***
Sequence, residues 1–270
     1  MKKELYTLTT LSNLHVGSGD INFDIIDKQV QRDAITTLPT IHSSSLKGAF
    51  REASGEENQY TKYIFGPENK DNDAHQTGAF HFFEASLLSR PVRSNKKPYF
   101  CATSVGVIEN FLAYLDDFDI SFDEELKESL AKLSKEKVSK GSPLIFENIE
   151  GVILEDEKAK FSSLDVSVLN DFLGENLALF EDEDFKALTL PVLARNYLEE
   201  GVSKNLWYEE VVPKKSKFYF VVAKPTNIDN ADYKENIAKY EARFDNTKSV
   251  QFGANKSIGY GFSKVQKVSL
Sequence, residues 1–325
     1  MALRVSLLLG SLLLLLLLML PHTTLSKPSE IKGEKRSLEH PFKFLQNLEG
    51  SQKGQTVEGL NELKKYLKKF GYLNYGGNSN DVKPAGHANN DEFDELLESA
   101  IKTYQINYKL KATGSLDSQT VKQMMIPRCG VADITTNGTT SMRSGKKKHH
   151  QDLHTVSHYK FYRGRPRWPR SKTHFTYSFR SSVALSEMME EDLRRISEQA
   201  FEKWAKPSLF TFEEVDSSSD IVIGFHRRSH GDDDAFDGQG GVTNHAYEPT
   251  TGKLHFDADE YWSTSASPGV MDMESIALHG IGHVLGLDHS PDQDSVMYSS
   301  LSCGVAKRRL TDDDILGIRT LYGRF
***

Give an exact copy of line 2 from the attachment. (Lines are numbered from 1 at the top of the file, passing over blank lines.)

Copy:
     1  MKKELYTLTT LSNLHVGSGD INFDIIDKQV QRDAITTLPT IHSSSLKGAF